US shooting renews debate on anti-Semitism and its political response
WASHINGTON — The latest shooting at a US synagogue heightened the sense of alarm Sunday of a rise in anti-Semitism, despite President Donald Trump avowal to overcome the “evil” of hatred.
A 60-year-old woman, Lori Gilbert-Kaye, was killed and three people were wounded when a gunman burst into the synagogue in the southern Californian town of Poway on Saturday and opened fire on the final day of Passover.
Police identified the shooter as John Earnest, 19, who had posted angry anti-Jewish remarks online just before the shooting.
Coming exactly six months after a white supremacist shot dead 11 people at a Pittsburgh synagogue, Saturday’s shooting raised new questions about a nationwide rise in anti-Semitism and in hate crimes generally — and about the president’s often controversial response to them.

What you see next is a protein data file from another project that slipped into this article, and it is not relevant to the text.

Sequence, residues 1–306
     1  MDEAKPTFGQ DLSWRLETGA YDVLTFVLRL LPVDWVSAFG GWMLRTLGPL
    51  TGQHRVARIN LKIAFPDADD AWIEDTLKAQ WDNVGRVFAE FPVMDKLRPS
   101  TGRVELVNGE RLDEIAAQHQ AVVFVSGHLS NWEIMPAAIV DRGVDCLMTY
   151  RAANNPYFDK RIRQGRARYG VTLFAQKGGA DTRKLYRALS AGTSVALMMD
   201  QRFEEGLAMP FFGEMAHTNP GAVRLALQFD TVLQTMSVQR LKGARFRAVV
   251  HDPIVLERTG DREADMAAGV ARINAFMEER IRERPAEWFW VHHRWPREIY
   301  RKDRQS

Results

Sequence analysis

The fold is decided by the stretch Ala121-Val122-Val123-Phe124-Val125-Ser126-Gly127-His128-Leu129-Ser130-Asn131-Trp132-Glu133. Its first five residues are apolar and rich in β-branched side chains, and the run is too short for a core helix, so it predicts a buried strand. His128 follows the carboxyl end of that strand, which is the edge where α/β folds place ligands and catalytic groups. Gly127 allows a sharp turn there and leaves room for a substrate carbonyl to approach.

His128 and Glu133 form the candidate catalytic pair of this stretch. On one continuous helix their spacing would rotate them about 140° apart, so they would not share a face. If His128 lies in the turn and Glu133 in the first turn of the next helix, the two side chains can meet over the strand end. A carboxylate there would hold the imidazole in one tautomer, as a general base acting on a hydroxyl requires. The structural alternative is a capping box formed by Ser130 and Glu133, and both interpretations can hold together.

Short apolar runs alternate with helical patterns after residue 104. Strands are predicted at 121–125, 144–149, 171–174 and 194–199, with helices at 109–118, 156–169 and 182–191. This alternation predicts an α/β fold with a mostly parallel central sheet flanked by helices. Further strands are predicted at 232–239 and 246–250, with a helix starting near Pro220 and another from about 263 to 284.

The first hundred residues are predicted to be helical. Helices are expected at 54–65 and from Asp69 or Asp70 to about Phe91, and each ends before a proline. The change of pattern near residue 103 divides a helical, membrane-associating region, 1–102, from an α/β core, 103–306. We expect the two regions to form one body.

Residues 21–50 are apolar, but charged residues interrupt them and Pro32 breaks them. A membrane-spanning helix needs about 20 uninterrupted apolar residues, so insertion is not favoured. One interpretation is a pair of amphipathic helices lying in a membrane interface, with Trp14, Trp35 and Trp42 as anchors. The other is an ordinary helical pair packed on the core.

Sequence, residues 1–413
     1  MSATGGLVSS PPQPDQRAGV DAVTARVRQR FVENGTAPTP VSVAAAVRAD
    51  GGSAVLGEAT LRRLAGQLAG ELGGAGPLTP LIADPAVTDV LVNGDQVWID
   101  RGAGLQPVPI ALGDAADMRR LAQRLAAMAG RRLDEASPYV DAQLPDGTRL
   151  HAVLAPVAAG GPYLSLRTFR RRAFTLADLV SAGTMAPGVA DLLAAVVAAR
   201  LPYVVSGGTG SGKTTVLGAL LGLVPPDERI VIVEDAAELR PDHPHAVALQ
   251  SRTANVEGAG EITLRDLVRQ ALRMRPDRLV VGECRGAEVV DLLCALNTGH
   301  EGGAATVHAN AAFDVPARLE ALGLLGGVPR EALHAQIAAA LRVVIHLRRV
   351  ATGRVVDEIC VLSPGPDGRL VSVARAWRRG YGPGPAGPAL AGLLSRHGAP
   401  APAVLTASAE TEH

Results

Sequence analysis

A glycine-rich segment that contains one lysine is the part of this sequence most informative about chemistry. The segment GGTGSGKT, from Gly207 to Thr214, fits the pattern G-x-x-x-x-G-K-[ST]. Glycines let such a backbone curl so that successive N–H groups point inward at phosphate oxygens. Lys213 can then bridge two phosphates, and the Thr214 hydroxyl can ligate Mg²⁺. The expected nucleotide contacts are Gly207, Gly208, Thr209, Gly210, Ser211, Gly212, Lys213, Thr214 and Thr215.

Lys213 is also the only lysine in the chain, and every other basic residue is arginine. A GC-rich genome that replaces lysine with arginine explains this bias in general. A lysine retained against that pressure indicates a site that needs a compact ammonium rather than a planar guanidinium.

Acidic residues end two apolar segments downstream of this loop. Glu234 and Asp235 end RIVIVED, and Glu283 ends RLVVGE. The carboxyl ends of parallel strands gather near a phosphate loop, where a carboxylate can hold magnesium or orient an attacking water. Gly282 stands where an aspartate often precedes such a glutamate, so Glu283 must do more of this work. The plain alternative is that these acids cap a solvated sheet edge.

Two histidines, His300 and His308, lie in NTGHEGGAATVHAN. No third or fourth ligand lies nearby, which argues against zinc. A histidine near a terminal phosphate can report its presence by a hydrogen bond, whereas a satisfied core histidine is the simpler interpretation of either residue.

Ahead of the funeral for Kaye, one of her oldest friends said her killing would not have been in vain if it served as a wake-up call.
“She didn’t die a senseless death,” Roneet Lev told CNN.
“She died advertising the problem we have with anti-Semitism and to bring good to this world.”
Read More: Times of Israel